Field notes, perspectives, stories, news & announcements
Have you ever wondered what a Sunday morning worship service is like in a refugee camp?
An average worship service goes from 9:00 - 12:30 and features multiple choirs including children’s choirs, youth choirs, and other special choirs from the congregation. As they sing, everyone is set into motion - both the choirs and the congregation. Everybody participates.
Songs are sung by memory as there are no projectors or songbooks. Many of the songs have been written by the refugees themselves.
Most churches value music and song highly enough to have somehow obtained a sound system and an electronic keyboard. Some even have electric guitars. Most play and sing with the volume turned up loud.
I've seen many instruments powered by car batteries.
There is often an extended time of community prayer, during which everyone prays aloud at the same time. A pastor or other church leader leads the people from the front. Everyone is encouraged to pour out their hearts to God.
Although the people live in difficult circumstances and often eat only one meal a day, they present their offerings to the Lord every Sunday. It is usually an upbeat part of the service.
People place their offerings in special woven baskets placed at the front of the sanctuary as a choir sings. While most offer money, I’ve seen people bring forward sacks of flour, live chickens, and even a duck.
There is at least one sermon during the service. I've been told more than once that the people expect a minimum of 40 minutes per sermon. If the message is shorter, they assume that the preacher didn’t prepare well. They are hungry for the Word of God and expect to leave the service with a full spirit.
Sunday mornings are a celebration of community and faith in Jesus.
The Refugee Church plays a critical role in keeping hope alive in refugee contexts. The pastors and church leaders are all refugees, just like the congregations they shepherd. They carry a heavy load.
- Tom AlbinsonOpen Post
While humanitarian agencies do tremendous work helping people survive the trauma of forced displacement, refugee churches do the critical work of keeping hope alive by offering safe and supportive community, a life-giving worldview, and opportunities to heal and recover from loss and suffering
Walk through a refugee camp on a Sunday morning and if there are refugee churches present you will hear singing and dancing and praying resounding from their makeshift buildings.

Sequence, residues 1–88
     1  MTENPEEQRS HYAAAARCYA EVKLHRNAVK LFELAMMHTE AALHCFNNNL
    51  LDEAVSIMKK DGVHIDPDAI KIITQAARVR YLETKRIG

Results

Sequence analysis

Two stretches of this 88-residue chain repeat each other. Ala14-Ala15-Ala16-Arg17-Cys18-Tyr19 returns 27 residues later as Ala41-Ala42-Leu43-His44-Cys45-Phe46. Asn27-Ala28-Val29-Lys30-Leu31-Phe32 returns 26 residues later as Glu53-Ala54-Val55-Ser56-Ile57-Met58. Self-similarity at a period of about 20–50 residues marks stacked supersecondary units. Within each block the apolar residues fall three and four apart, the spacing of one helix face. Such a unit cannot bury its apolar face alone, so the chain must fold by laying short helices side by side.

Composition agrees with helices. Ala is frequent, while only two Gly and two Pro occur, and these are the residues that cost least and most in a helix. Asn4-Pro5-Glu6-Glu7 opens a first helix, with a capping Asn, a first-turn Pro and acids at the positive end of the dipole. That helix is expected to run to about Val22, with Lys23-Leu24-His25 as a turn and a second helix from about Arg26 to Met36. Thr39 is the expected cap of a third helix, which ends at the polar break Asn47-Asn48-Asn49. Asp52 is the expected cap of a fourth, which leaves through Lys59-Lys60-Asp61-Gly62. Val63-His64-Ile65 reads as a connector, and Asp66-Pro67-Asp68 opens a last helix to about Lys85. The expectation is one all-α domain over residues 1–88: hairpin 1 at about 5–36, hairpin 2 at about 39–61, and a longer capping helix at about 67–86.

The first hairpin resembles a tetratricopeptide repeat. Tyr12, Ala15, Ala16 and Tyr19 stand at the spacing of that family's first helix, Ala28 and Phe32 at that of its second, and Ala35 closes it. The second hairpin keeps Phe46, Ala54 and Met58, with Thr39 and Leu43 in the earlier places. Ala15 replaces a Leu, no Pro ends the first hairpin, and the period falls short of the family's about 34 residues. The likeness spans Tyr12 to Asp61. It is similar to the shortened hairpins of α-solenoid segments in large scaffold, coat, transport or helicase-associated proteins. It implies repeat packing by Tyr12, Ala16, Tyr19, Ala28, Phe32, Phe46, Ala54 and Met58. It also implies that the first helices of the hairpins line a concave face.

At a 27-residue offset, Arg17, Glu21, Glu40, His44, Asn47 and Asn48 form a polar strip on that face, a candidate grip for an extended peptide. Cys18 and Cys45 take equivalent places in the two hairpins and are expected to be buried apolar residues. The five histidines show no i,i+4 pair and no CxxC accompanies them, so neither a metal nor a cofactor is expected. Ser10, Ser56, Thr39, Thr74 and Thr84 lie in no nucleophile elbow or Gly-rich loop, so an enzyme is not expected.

I have often been inspired as I witness how their faith in Christ enables them to transcend all that they’ve had to endure - past sufferings, current struggles, and future uncertainties.
May God renew their hope, joy, and strength even today!
IAFR is committed to encouraging and strengthening refugee churches. Here are a few ways we are doing this.
IAFR's Pastor Jean Pierre Gatera is a missionary and former refugee who serves as our Refugee Church Consultant. Pastor Gatera is constantly engaging with refugee church leaders - both here in the US and overseas (especially in Kakuma refugee camp where he lived for 20 years).
Thanks to our generous donors, we were able to sponsor five refugee pastors from Kakuma to participate in a Peace and Reconciliation training conference in Kenya this month.
The conference was offered by Way of Peace, a ministry that was developed in the wake of the infamous genocide in Rwanda. The pastors are now eager to bring the training back to the camp.
We recently received a couple of generous donations that will help IAFR provide building materials for refugee churches in Kakuma (Kenya) and Dzaleka (Malawi).
Refugee church leaders in Kakuma refugee camp asked IAFR to bring theological training to them. We have been able to do so for the past six years in partnership with Dr. George Kalantzis from Wheaton College. George is also presently offering an online theology course to a group of refugees and asylum seekers spread across ten time zones.
These are just a few examples of what it looks like to partner with refugee churches.
Click here to learn more.
- Tom AlbinsonOpen Post
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